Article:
The worst smog of the winter so far enveloped Beijing Monday as recorded air pollution levels reached over 20 times international safety limits.
Authorities in the Chinese capital on Sunday issued the highest smog alert of the year, effective until Wednesday and advised the capital’s 20 million inhabitants to stay indoors.
Beijing’s PM2.5 concentration – referring to particles smaller than 2.5 micrometres – reached a high of 596 micrograms per cubic metre at 6 pm (1000 GMT) on Monday, according to the US embassy’s commonly quoted air-quality index.
That is in the highest band of the scale and is considered “hazardous.”
The daily maximum exposure to PM2.5 particles recommended by the World Health Organization is 25 micrograms per cubic metre.
The particles pose serious health hazards because they can embed deep in the lungs.
“I am so shocked by today’s smog. It’s like we live in a science fiction world and it makes me very depressed,” said Yinan Zhang Li, an office worker who has suffered from serious eyelid swelling she says is caused by the smog.
“The government only advises people to ‘not go outside’, which I dont think is a real measure to deal with the smog when the air inside is poor as well. The government isn’t doing enough to cut heavy-polluting factories,” Li said.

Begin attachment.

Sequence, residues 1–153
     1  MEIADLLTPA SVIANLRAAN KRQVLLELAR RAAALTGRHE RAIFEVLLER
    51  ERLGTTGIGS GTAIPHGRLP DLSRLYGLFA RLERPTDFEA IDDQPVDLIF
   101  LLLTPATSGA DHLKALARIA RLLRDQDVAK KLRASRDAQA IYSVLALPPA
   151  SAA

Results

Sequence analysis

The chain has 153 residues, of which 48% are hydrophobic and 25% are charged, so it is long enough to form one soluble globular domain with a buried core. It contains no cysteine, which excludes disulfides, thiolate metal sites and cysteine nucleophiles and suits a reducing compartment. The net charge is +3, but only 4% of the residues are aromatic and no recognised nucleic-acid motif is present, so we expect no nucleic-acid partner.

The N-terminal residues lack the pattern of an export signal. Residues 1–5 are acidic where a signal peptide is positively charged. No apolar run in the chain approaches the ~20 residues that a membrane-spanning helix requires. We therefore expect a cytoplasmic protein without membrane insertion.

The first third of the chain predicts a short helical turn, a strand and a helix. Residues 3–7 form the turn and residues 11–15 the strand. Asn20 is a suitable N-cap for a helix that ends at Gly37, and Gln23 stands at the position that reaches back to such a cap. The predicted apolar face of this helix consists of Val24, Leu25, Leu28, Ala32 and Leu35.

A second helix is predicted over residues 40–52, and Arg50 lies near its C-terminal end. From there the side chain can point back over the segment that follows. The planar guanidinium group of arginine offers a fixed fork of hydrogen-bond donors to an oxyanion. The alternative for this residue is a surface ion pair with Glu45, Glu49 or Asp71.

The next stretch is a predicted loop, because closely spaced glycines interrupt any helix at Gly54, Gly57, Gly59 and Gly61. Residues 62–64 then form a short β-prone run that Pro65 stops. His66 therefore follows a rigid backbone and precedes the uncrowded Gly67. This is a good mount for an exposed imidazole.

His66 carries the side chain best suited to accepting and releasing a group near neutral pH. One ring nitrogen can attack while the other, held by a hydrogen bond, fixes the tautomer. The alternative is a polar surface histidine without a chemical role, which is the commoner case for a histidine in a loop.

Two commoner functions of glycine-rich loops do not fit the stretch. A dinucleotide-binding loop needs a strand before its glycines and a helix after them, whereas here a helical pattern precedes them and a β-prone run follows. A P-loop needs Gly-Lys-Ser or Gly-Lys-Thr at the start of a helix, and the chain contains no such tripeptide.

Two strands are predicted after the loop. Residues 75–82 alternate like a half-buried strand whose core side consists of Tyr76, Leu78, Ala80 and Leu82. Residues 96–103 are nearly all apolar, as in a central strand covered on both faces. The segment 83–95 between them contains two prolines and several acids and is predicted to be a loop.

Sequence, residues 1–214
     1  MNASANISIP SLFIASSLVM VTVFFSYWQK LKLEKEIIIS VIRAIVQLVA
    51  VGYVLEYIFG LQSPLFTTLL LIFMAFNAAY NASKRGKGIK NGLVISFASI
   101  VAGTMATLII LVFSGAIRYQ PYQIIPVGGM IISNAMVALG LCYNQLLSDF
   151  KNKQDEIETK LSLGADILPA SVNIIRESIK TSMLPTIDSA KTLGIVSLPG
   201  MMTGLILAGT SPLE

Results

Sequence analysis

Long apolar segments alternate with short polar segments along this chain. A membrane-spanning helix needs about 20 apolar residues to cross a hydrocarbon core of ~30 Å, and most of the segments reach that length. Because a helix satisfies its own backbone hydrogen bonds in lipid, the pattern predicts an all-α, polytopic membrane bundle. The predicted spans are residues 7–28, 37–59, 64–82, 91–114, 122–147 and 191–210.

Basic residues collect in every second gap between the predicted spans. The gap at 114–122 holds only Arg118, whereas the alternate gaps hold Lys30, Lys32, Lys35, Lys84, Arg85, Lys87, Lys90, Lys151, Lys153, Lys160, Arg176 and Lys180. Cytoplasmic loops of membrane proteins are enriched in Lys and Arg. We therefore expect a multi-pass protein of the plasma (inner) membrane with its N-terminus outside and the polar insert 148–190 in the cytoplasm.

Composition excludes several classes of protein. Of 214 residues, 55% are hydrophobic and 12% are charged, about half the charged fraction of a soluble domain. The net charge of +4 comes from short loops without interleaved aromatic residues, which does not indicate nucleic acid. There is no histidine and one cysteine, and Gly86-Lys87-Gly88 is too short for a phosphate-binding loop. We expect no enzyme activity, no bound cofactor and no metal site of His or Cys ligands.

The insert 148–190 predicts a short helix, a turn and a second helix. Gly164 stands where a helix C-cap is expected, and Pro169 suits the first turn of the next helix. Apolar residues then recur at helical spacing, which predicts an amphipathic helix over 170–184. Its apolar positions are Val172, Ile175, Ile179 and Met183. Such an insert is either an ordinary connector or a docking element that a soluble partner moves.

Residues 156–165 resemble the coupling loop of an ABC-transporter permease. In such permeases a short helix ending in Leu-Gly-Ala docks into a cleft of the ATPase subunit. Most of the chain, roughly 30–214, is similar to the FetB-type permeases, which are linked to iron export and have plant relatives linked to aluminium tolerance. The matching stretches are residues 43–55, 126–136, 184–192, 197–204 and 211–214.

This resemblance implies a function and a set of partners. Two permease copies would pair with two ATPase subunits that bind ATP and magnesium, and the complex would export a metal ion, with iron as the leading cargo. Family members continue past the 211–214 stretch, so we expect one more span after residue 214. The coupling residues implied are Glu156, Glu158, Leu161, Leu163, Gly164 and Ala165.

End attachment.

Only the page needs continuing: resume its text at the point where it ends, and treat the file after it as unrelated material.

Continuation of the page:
Other Beijing residents posted complaints on the social microblogging site Weibo. Many said they wanted to leave Beijing and others also criticized the government for inaction.
“The [government] only knows how to report the problem, but doesn’t know how to deal with it … the only [anti-smog] measure is the wind!” one commenter said.
In recent days, pollution readings of 300 to over 500 have been common in the capital, despite commitments from the government to improve the environment.
Beijing and many other northern cities in China are notorious for their winter smog, which is caused by a combination of air pollution and weather conditions.
The US embassy in Beijing recorded a PM2.5 peak of 900 micrograms in January 2013. The prolonged bout of record pollution that year prompted China to pursue more anti-pollution measures.
The Ministry of Environmental Protection has forecast severe pollution for Beijing and other areas of northern China until Wednesday, when strong winds are expected to clear some pollutants.
More than a quarter million people in China’s biggest cities could have their lives cut short from high levels of air pollution, according to a recent joint study by Peking University and Greenpeace.